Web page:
Share This


More From ScienceDaily



More Plants & Animals News

Monday, November 24, 2014

Featured Research

from universities, journals, and other organizations


Featured Videos

from AP, Reuters, AFP, and other news services

Winter Can Cause Depression — Here's How To Combat It

Winter Can Cause Depression — Here's How To Combat It

Newsy (Nov. 23, 2014) Millions of American suffer from seasonal depression every year. It can lead to adverse health effects, but there are ways to ease symptoms. Video provided by Newsy
Powered by NewsLook.com
Ebola-Hit Sierra Leone's Late Cocoa Leaves Bitter Taste

Ebola-Hit Sierra Leone's Late Cocoa Leaves Bitter Taste

AFP (Nov. 23, 2014) The arable district of Kenema in Sierra Leone -- at the centre of the Ebola outbreak in May -- has been under quarantine for three months as the cocoa harvest comes in. Duration: 01:32 Video provided by AFP
Powered by NewsLook.com
Anglerfish Rarely Seen In Its Habitat Will Haunt You

Anglerfish Rarely Seen In Its Habitat Will Haunt You

Newsy (Nov. 22, 2014) For the first time Monterey Bay Aquarium recorded a video of the elusive, creepy and rarely seen anglerfish. Video provided by Newsy
Powered by NewsLook.com
Birds Around the World Take Flight

Birds Around the World Take Flight

Reuters - Light News Video Online (Nov. 22, 2014) An imperial eagle equipped with a camera spreads its wings over London. It's just one of the many birds making headlines in this week's "animal roundup". Jillian Kitchener reports. Video provided by Reuters
Powered by NewsLook.com

Search ScienceDaily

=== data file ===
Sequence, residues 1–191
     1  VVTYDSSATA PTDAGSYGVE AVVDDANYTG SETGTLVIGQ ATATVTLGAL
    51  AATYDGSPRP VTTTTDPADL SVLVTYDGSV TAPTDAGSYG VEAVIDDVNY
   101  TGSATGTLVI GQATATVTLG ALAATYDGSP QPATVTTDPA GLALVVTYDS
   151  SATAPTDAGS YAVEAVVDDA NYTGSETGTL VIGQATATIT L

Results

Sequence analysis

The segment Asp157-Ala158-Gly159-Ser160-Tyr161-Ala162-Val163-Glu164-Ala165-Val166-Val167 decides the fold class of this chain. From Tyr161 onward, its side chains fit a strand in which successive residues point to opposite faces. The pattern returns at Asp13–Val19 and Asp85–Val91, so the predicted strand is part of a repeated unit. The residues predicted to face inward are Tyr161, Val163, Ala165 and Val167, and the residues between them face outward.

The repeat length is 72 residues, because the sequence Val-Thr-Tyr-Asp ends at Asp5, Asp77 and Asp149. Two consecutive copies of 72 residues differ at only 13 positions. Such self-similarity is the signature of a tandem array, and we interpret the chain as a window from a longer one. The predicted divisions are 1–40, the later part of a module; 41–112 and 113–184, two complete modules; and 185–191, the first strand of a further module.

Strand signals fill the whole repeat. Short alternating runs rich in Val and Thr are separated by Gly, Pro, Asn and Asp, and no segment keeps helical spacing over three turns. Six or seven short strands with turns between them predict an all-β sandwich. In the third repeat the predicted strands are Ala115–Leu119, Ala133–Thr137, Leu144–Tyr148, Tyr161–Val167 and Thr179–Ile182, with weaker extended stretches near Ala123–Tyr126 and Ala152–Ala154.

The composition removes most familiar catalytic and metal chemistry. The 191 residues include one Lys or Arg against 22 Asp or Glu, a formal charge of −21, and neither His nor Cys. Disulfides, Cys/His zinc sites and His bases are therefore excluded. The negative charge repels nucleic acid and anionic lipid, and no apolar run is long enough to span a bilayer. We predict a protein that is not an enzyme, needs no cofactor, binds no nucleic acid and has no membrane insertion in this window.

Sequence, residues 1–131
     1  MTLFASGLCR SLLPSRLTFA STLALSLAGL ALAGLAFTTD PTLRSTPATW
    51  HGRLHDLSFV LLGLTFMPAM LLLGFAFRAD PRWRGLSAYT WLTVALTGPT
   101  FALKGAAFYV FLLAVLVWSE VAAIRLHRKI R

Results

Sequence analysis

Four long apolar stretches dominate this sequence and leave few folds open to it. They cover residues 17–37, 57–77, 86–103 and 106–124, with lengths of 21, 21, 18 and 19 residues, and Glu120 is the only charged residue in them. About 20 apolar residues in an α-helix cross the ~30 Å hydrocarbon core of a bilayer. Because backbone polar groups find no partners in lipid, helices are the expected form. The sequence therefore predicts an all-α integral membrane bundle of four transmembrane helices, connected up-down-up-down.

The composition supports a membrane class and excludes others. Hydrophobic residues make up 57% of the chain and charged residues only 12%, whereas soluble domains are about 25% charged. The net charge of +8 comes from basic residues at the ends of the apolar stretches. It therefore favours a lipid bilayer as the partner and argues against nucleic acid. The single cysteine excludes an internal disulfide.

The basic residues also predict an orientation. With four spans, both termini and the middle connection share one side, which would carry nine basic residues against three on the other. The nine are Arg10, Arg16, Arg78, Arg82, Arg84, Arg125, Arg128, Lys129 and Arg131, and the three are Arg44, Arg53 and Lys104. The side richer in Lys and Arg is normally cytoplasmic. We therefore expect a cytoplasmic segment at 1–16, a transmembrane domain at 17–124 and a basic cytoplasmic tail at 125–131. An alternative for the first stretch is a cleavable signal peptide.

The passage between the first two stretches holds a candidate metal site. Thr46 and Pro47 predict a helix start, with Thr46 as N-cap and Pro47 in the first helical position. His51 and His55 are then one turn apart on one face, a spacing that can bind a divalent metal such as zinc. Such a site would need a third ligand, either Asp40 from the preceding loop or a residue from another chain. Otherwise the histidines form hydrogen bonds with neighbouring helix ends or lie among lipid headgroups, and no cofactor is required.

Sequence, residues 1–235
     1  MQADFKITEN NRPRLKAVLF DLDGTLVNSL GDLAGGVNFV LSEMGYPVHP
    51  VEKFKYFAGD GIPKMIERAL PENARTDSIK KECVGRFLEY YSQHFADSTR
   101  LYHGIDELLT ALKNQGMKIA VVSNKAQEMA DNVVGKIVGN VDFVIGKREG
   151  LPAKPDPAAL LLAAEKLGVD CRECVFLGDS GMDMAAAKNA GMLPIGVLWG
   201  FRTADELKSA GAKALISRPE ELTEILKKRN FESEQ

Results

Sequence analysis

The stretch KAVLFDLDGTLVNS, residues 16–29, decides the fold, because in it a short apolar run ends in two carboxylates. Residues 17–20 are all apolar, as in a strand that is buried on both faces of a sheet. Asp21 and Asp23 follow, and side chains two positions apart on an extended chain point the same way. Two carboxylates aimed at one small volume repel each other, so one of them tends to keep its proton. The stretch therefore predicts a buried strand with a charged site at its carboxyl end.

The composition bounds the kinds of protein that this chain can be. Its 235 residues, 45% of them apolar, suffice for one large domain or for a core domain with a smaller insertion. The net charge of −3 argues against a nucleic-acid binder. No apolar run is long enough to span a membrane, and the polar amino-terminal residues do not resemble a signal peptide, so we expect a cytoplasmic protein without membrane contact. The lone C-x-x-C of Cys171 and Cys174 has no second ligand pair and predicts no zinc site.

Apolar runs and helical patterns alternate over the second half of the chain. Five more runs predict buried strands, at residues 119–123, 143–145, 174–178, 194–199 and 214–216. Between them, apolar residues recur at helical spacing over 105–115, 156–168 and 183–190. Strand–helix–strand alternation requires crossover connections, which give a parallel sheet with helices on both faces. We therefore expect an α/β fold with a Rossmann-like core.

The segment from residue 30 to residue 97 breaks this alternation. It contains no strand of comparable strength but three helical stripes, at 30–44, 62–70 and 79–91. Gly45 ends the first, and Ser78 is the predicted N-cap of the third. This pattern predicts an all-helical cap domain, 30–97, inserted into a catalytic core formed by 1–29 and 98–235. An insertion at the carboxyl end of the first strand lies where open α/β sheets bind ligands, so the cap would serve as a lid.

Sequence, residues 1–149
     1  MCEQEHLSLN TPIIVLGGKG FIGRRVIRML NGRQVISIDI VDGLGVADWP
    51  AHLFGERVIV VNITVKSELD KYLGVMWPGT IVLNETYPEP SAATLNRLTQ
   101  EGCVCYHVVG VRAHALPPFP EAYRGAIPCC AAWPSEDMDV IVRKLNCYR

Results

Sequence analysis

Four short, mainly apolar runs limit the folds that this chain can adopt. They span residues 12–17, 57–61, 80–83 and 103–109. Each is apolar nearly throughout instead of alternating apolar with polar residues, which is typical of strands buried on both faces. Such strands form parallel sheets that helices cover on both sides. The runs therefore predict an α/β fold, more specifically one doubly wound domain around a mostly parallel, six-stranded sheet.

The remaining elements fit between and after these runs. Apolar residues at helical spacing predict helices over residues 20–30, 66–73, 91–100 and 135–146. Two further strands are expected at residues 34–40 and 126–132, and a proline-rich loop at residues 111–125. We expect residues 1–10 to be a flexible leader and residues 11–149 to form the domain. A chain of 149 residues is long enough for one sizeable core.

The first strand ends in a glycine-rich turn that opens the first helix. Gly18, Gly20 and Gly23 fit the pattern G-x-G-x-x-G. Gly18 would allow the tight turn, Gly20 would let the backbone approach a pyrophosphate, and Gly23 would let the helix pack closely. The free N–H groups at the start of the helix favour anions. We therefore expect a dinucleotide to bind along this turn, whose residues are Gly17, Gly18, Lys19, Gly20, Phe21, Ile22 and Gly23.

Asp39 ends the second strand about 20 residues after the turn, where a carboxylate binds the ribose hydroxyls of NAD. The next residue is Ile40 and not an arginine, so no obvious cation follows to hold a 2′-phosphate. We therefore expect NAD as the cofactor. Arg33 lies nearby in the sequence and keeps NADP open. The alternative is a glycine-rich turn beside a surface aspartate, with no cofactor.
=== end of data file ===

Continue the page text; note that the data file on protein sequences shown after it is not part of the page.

Number of stories in archives: 140,361

Find with keyword(s):
Enter a keyword or phrase to search ScienceDaily for related topics and research stories.

Save/Print:
Share:

Breaking News:

Strange & Offbeat Stories


Plants & Animals

Earth & Climate

Fossils & Ruins

In Other News

... from NewsDaily.com

Science News

Health News

Environment News

Technology News



Save/Print:
Share:

Free Subscriptions


Get the latest science news with ScienceDaily's free email newsletters, updated daily and weekly. Or view hourly updated newsfeeds in your RSS reader:

Get Social & Mobile


Keep up to date with the latest news from ScienceDaily via social networks and mobile apps:

Have Feedback?


Tell us what you think of ScienceDaily -- we welcome both positive and negative comments. Have any problems using the site? Questions?
Mobile: iPhone Android Web
Follow: Facebook Twitter Google+
Subscribe: RSS Feeds Email Newsletters
Latest Headlines Health & Medicine Mind & Brain Space & Time Matter & Energy Computers & Math Plants & Animals Earth & Climate Fossils & Ruins